added together and considered as one event; 3 yr is approximately 10 per cent of
the average recurrence period in the region (McNally and Minster, 1981). Thus, the
relation does not distinguish between single large earthquakes or sequences of
smaller events closely spaced in time. Using 1907 as the last date for an event in
Guerrero, the relation predicts that an impending episode would involve 1.6 x 102s
dyne-cm. This is equivalent to one earthquake with a moment magnitude of 8.1, or
alternatively, three of M w = 7.8. Both scenarios have serious implications for
damage in Mexico City.

   The rupture pattern of the Michoacan gap during the period of 1981 to 1986 can
be characterized by a sequential failure of five distinct asperities, as schematically
 shown in Figure 1. Before 1981, the Michoacan gap had not experienced a large
earthquake since 1911 when an M s = 7.9 earthquake occurred. The recent sequence
started in October 1981 with the Playa Azul ( M w = 7.3) earthquake which broke
the central part of the Michoacan gap. The Playa Azul event is slightly deeper than
the recent Michoacan earthquakes in September 1985 and April 1986. In addition,
the stress drop of this event is higher than other events in this gap, suggesting a
higher concentration of stress at depth in the middle of the Michoacan gap.
   The seismic moment of the 19 September 1985 ( M w = 8.1) earthquake was
released in two distinct events, with the rupture starting in the northern portion of
the seismic gap and propagating to the southeast with low moment release through
the area already broken by the 1981 Playa Azul earthquake. Then, on 21 September
1985, the rupture propagated further southeast with an M w = 7.5 event, that may
have broken the shallower portion of the subduction zone up-dip of the 1979
Petatlan ( M w = 7.6) earthquake (UNAM Seismology Group, 1986). The location of
the 30 April 1986 (Mv¢ = 6.9) aftershock northwest of the main shock (Figure 1)
suggests that it released the remaining stress between the 1973 Colima ( M w = 7.6)
earthquake and the September events.

    A l t h o u g h t h i s d i s t r i b u t i o n o f a s p e r i t i e s is c o n s i d e r e d c h a r a c t e r i s t i c o f t h e
M i c h o a c a n gap, w h e t h e r t h e t e m p o r a l s e q u e n c e e x h i b i t e d b y t h e 1981 t o 1986
s e q u e n c e is a l s o c h a r a c t e r i s t i c o f t h i s g a p o r n o t is u n c l e a r . I n fact, t h e r e is n o
o b v i o u s e v i d e n c e t h a t t h e 1911 e v e n t o c c u r r e d in a s i m i l a r s e q u e n c e . I t is p r o b a b l e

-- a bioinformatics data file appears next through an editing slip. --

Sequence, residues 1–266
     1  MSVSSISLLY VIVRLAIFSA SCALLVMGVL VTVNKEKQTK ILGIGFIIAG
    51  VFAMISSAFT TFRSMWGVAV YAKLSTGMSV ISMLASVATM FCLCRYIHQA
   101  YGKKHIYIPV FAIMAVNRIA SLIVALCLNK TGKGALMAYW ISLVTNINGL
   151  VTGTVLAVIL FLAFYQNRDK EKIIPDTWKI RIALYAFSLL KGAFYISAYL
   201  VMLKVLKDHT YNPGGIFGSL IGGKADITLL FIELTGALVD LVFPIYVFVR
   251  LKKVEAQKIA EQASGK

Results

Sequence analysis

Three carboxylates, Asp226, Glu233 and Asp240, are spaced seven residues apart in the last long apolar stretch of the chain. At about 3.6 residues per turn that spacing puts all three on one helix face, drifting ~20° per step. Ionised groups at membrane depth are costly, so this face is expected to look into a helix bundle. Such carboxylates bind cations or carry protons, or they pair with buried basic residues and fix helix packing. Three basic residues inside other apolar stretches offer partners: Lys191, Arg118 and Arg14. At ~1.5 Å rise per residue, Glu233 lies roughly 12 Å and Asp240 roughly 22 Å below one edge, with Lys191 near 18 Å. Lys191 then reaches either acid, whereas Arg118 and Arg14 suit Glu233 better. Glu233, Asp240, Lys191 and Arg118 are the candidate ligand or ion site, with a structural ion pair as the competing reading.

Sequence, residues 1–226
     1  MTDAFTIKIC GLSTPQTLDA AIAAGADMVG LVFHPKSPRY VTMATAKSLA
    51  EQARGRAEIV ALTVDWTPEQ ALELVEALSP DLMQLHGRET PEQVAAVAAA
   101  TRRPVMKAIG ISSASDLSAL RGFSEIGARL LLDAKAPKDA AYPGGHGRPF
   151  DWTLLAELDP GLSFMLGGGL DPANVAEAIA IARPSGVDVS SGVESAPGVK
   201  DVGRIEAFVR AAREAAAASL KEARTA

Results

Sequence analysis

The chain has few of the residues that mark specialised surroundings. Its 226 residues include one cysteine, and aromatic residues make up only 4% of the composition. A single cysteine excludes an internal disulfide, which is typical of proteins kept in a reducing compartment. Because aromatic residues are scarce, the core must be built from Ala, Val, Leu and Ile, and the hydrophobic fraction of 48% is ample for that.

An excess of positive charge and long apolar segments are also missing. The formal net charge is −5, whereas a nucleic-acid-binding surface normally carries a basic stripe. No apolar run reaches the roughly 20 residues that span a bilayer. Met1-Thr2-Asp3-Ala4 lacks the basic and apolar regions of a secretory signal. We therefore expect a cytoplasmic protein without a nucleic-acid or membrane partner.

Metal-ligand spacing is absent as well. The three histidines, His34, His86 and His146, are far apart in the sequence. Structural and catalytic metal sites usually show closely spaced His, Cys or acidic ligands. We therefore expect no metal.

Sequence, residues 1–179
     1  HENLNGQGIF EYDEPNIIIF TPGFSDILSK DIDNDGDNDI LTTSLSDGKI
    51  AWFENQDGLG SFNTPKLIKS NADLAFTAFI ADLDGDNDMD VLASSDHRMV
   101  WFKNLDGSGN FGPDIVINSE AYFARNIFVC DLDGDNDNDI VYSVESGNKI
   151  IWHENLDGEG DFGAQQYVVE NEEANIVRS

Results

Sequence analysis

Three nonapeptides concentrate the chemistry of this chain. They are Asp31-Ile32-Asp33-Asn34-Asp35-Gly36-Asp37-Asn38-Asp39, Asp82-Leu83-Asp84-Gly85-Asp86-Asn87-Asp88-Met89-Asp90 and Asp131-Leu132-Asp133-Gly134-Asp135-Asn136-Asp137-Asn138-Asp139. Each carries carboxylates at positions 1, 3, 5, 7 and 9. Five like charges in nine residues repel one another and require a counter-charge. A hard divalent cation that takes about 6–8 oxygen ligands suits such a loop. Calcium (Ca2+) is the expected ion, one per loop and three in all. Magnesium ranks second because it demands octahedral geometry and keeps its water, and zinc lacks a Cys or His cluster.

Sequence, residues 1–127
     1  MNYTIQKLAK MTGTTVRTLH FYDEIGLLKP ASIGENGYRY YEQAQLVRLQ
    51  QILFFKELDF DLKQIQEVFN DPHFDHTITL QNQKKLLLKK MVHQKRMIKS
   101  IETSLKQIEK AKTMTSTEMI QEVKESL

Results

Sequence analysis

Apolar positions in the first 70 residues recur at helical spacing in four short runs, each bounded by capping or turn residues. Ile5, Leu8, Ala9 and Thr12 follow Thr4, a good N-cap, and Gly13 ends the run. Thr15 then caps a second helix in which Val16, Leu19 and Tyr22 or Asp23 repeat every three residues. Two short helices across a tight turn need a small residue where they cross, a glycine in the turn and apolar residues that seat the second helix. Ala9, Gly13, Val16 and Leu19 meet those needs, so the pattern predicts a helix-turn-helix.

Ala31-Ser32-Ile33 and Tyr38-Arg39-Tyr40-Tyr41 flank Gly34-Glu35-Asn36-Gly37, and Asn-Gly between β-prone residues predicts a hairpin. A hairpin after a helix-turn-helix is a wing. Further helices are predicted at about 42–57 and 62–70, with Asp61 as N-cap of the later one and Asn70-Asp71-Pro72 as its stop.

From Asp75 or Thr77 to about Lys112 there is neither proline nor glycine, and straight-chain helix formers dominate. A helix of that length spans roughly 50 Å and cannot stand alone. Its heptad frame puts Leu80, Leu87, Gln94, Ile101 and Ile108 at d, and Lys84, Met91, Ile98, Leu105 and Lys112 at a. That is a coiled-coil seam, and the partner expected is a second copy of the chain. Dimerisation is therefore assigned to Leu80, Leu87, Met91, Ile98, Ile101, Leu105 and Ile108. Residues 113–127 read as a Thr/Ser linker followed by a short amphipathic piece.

t h a t , d e p e n d i n g o n t h e s t a t e o f s t r e s s in e a c h a s p e r i t y , t h e e n t i r e g a p m a y fail in
either a single large event with a complex time history or a sequence of moderate
to large e v e n t s s p r e a d o v e r a few y e a r s . I f a s i m i l a r m o d e l is a p p l i c a b l e t o t h e
a d j a c e n t G u e r r e r o gap, we s h o u l d e x p e c t a s i m i l a r v a r i a t i o n i n t h e f a i l u r e m o d e o f
the next Guerrero earthquake.
    T h e s e i s m i c m o m e n t o f t h e 1985 M i c h o a c a n e a r t h q u a k e is c o n s i s t e n t w i t h a n
empirical relation between average seismic moment per region in one recurrence
p e r i o d a n d r e g i o n a l r e c u r r e n c e t i m e f o u n d for t h e M e x i c o s u b d u c t i o n z o n e b y A s t i z
a n d K a n a m o r i (1984). T h i s r e l a t i o n p r e d i c t s a c o m p a r a b l y l a r g e m o m e n t f o r t h e
n e x t e v e n t in t h e G u e r r e r o gap.

   We would like to thank personnel at many WWSSN stations, Project GEOSCOPE of Institut de
Physique du Globe in Paris, Project IDA at Institute for Geophysics and Planetary Physics at the
University of California, San Diego, the Center for Seismic Studies in Washington, D.C., and the U.S.
Geological Survey for making their data available to us. We benefited from discussions with colleagues
at the special session on the Michoacan earthquake at the American Geophysical Union Meeting, Fall
1985. David M. Boore provided helpful suggestions that improved an earlier version of this manuscript.
This research was supported by Grants from the U.S. Geological Survey 14-09-0001-Gl170 and NSF
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C N RB TO NO. 4412

  Manuscript received 6 October 1986